New federal credit card rules mean American consumers are now aware of $12.1 billion a year in previously hidden fees and interest charges, without hurting consumers’ ability to access credit, according to a new study by Center for Responsible Lending.
For years, credit card issuers used confusing language in their sales pitches to make it appear as though credit cards would cost significantly less than they actually do, according to the report. At its peak, in 2007 and 2008, this practice meant the average credit card’s interest rate was 2.3% higher than advertised, resulting in consumers paying $16.3 billion more than they expected.
Soon after passage of the Credit Card Accountability Responsibility and Disclosure (CARD) Act of 2009, the gap between advertised and actual interest rates plummeted to .2%, according to the report. Translation: the gap between what consumers thought they’d be paying and what they’re actually paying has closed by $12.1 billion, says Josh Frank, the center’s senior researcher and author of the report.
“In one word, I would characterize it as a success,” Frank says. “The CARD Act has made pricing more clear, it has eliminated a lot of unclear pricing tactics, and has made the market more transparent.”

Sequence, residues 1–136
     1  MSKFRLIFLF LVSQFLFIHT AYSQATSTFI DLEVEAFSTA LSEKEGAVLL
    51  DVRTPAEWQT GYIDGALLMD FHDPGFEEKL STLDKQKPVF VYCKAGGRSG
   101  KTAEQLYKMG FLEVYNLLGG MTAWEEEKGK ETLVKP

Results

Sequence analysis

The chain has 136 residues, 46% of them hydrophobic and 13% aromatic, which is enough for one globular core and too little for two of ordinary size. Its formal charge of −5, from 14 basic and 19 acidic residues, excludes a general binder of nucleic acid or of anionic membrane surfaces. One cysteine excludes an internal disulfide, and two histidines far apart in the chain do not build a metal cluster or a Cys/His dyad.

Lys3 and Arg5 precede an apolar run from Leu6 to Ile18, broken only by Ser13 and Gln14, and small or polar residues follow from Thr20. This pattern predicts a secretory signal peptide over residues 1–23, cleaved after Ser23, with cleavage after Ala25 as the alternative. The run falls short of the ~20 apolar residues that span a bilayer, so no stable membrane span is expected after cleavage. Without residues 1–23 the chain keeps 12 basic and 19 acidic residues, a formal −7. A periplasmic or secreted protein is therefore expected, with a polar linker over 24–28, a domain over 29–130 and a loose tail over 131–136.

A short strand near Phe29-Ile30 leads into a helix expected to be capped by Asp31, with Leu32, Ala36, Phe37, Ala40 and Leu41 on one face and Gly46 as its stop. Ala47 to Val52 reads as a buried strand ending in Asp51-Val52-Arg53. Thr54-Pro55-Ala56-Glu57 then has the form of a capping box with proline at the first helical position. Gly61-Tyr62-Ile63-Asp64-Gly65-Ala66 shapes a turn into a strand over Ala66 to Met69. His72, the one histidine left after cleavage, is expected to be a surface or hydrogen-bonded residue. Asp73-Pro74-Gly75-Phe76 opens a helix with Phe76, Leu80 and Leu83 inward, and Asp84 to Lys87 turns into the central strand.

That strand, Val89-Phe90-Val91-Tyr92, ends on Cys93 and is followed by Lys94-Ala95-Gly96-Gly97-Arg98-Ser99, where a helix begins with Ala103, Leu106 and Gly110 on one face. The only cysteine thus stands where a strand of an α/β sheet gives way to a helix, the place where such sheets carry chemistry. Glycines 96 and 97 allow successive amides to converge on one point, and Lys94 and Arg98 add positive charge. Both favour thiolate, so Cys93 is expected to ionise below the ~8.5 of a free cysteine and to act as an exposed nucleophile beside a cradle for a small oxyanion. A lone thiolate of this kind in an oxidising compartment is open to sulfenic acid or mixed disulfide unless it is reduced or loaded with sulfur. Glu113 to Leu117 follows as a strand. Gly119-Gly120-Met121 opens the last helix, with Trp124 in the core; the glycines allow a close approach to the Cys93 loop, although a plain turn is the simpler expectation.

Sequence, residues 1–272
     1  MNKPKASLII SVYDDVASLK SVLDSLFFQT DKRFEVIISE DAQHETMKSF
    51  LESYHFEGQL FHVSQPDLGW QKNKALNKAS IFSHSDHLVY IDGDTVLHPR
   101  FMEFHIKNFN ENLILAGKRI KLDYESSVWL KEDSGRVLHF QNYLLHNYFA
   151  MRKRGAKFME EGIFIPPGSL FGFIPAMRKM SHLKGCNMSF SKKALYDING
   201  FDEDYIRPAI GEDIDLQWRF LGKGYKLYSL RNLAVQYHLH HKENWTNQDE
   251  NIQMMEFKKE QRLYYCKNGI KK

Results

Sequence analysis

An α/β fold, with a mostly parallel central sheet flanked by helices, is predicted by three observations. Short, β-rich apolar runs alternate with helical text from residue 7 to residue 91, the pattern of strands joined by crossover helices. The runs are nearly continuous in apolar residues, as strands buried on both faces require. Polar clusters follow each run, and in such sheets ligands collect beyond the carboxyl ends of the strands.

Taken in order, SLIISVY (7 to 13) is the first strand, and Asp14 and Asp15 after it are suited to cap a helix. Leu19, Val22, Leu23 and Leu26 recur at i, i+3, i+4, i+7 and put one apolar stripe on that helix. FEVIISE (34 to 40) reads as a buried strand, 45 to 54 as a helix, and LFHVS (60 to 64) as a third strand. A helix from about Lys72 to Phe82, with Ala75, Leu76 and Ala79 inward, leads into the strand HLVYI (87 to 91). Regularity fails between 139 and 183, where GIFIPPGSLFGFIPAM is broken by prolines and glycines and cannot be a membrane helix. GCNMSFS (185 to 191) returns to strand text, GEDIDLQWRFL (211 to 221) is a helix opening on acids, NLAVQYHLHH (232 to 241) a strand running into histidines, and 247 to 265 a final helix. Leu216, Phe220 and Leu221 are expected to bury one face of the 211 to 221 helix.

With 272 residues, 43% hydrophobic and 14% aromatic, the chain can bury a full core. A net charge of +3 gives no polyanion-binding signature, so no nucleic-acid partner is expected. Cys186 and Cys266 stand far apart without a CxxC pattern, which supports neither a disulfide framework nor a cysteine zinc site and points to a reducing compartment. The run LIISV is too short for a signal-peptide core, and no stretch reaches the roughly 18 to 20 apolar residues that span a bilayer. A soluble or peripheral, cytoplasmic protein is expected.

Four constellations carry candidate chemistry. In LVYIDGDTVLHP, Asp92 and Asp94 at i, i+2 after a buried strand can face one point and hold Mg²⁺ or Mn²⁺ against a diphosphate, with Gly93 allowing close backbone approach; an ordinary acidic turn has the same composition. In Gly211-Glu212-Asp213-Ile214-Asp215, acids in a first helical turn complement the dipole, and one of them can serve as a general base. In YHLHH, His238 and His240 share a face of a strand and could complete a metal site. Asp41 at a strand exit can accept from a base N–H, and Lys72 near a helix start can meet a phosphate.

The report’s results shed some light on poll results in a recent Credit.com survey, in which 36.5% of respondents said they had recently experienced some combination of higher interest rates, increased fees, increased minimum payments and other costly changes.
The report also contradicts the expectations of credit card companies and conservative political commentators, who argued that the CARD Act would lead to higher rates, and make it more difficult for consumers to obtain credit.
“It was among our safest predictions that reduced credit to consumers would result” from passage of the law, the Wall Street Journal editorial board wrote on Aug. 24, 2010. “By limiting the ability of banks to increase rates on delinquent borrowers and to charge fees on unprofitable customers, Washington encouraged card issuers to be more selective in advancing credit and to demand higher rates when they do.”
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According to the center’s report, however, none of those things actually happened. When adjusted to factor in the effects of the recession, data from the Federal Reserve Board shows that interest rates held steady after passage of the act.
Nor did issuers cut back on the number of times they offered to credit cards to new consumers. The ratio of American families receiving credit card solicitations in the mail actually increased after the act passed, from 40% in 2009 to 60% recently, according to mail volume data from Mintel Comperemedia.